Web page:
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The Ego and the Id Paperback – March 22, 2010

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Product Details

  • Paperback: 98 pages
  • Publisher: CreateSpace Independent Publishing Platform (March 22, 2010)
  • Language: English
  • ISBN-10: 1451537239
  • ISBN-13: 978-1451537239
  • Product Dimensions: 5.5 x 0.2 x 8.5 inches
  • Shipping Weight: 4.8 ounces (View shipping rates and policies)
  • Average Customer Review: 4.2 out of 5 stars  See all reviews (38 customer reviews)
  • Amazon Best Sellers Rank: #731,019 in Books (See Top 100 in Books)

More About the Author

Sigmund Freud (1856-1939) is one of the twentieth century's greatest minds and the founder of the psychoanalytic school of psychology. His many works include The Ego and the Id; An Outline of Psycho-Analysis; Inhibitions; Symptoms and Anxiety; New Introductory Lectures on Psycho-Analysis; Civilization and Its Discontent, and others.

Customer Reviews

4.2 out of 5 stars

Most Helpful Customer Reviews

24 of 25 people found the following review helpful By Roberto P. De Ferraz on April 30, 2003
Format: Paperback
Despite being a very small book, with good introduction and preface, this is not an easy book to read and in my opinion the more the reader is well acquainted with the evolution of Freud's terminology the better. In this regard The Interpretation of Dreams is a prior reading which will give substance for the later reading of The Ego and the Id.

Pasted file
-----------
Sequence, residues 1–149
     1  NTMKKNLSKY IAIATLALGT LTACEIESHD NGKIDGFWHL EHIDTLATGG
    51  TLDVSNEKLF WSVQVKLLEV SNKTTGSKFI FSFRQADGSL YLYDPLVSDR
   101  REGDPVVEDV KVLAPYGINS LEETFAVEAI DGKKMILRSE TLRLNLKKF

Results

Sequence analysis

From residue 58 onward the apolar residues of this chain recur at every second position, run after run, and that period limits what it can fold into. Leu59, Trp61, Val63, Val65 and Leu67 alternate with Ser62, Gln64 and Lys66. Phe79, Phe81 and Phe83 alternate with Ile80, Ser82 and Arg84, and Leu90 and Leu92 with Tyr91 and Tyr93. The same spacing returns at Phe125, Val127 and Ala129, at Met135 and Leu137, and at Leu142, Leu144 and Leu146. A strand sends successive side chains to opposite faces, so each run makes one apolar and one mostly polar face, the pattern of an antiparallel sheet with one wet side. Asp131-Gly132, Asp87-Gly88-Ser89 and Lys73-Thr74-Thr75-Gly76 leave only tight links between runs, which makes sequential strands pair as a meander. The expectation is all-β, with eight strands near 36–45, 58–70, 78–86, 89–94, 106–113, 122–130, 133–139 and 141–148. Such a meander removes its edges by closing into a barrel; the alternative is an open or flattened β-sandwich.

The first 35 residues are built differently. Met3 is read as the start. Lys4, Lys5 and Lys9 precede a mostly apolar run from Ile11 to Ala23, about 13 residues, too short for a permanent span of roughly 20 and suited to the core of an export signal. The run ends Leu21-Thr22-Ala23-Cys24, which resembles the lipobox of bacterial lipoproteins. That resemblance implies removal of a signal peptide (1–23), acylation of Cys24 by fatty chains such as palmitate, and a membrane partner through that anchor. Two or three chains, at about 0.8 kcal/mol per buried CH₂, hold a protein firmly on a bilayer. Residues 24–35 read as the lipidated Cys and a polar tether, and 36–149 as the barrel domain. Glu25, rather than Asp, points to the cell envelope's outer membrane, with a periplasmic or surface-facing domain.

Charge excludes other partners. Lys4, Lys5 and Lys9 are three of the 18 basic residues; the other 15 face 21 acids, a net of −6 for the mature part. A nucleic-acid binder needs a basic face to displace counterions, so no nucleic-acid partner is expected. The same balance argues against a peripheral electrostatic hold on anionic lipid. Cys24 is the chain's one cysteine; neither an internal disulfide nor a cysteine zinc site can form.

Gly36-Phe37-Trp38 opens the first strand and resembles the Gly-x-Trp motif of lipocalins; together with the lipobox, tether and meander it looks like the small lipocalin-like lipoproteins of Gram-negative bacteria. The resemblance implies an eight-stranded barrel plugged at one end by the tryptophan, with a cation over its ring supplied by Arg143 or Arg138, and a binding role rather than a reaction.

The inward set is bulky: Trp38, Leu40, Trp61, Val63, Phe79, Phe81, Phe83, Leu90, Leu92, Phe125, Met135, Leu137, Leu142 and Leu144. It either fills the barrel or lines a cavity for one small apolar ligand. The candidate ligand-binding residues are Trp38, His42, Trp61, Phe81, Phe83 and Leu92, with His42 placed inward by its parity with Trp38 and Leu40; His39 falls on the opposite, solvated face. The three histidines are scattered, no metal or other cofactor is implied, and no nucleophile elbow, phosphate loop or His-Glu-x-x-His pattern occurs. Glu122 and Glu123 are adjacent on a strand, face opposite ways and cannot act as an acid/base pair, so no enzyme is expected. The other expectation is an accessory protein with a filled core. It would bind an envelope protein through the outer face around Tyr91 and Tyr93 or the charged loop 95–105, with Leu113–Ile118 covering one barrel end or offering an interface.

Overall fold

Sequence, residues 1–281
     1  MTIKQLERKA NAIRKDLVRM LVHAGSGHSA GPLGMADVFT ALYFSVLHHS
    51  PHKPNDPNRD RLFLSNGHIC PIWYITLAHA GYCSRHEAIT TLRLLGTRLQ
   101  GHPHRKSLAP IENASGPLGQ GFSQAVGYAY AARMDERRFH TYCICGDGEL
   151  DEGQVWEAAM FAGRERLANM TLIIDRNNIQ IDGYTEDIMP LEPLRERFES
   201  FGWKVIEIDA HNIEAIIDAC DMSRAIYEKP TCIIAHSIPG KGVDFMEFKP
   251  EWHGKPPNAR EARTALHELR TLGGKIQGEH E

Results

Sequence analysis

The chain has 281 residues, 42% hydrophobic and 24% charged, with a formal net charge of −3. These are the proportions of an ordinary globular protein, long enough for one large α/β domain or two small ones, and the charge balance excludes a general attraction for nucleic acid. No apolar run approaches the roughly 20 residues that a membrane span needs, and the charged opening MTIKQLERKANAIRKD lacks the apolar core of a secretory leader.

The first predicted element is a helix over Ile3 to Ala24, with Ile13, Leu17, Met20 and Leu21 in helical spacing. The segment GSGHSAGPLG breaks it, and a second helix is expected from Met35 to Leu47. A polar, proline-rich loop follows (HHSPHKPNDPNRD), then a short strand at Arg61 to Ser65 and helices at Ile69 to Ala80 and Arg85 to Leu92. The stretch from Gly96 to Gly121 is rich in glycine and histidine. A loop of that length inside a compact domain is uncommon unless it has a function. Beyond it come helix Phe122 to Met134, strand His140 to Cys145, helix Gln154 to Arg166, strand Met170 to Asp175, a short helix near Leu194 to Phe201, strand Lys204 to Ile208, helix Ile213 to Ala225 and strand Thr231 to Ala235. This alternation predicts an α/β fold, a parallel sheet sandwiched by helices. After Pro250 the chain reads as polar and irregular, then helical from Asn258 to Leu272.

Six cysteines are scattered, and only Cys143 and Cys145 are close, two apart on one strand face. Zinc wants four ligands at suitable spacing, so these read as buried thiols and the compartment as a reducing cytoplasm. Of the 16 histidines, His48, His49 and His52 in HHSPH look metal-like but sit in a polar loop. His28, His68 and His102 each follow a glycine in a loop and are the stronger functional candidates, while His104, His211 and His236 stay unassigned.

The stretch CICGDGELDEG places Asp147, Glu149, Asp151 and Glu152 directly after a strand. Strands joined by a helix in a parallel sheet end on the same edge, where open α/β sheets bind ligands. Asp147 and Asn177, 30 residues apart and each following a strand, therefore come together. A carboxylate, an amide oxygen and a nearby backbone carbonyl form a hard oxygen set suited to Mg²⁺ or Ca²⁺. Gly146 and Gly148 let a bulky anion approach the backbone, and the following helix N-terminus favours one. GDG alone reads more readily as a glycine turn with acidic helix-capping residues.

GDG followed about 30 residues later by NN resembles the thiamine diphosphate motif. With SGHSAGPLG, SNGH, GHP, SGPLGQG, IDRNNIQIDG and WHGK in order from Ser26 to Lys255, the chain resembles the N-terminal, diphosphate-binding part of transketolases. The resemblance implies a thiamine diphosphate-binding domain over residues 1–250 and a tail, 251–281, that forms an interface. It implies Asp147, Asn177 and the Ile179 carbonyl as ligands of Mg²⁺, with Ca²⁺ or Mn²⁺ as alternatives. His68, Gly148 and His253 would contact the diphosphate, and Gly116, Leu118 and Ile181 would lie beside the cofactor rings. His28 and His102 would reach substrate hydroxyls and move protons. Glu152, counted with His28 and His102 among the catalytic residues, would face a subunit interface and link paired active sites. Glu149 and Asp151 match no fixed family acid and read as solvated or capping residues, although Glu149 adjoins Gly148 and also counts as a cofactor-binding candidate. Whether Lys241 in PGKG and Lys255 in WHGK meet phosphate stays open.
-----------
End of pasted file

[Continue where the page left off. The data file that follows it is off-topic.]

Some concepts already presented in earlier books are developed more soundly in this opus, despite some confusion between the terminology, a situation acknowledge by the editor and even by the author.
The Ego and the Id was written in 1924 and, contrary to some earlier books by Freud which could be read by the lay person (" The Interpretation of Dreams" , "The Psychopathology of Every Day Life" , "Jokes and Their Relations with the Unconscious" , " Totem and Taboo" and many others), this one was not written for the non-scientific person, due to a lot of psychanalitical lingo he uses in the text and the difficulty faced in the conceptualization.
Despite all this, I think it is an useful reading to everyone interested in the history and theory of psychanalisys. The figth between the Id (which equals the Unconscious plus some conscious departments), the Ego (mainly inputed by senses perception) and the Ideal Ego (or Super-ego), who represents a kind of moral agency who reviews and criticizes all the actions by the Ego, is of special beauty and are quintessential Freudian. A pretty much intereting reading for anyone interested in the history of psychanalisys and in concepts already of working value.
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22 of 24 people found the following review helpful By M. A. ZAIDI on November 20, 2002
Format: Paperback
Id- Unconscious part of the mind which consists of natural instincts, urges, and drives that are repressed. It includes "internal events" which stem from the influence of heredity. Although the id is the cause of all activity, the thoughts are often unconscious and repressed. The id represents biological forces. It is also a constant in the personality as it is always present. The id is governed by the "pleasure principle", or the notion of hedonism (the seeking of pleasure).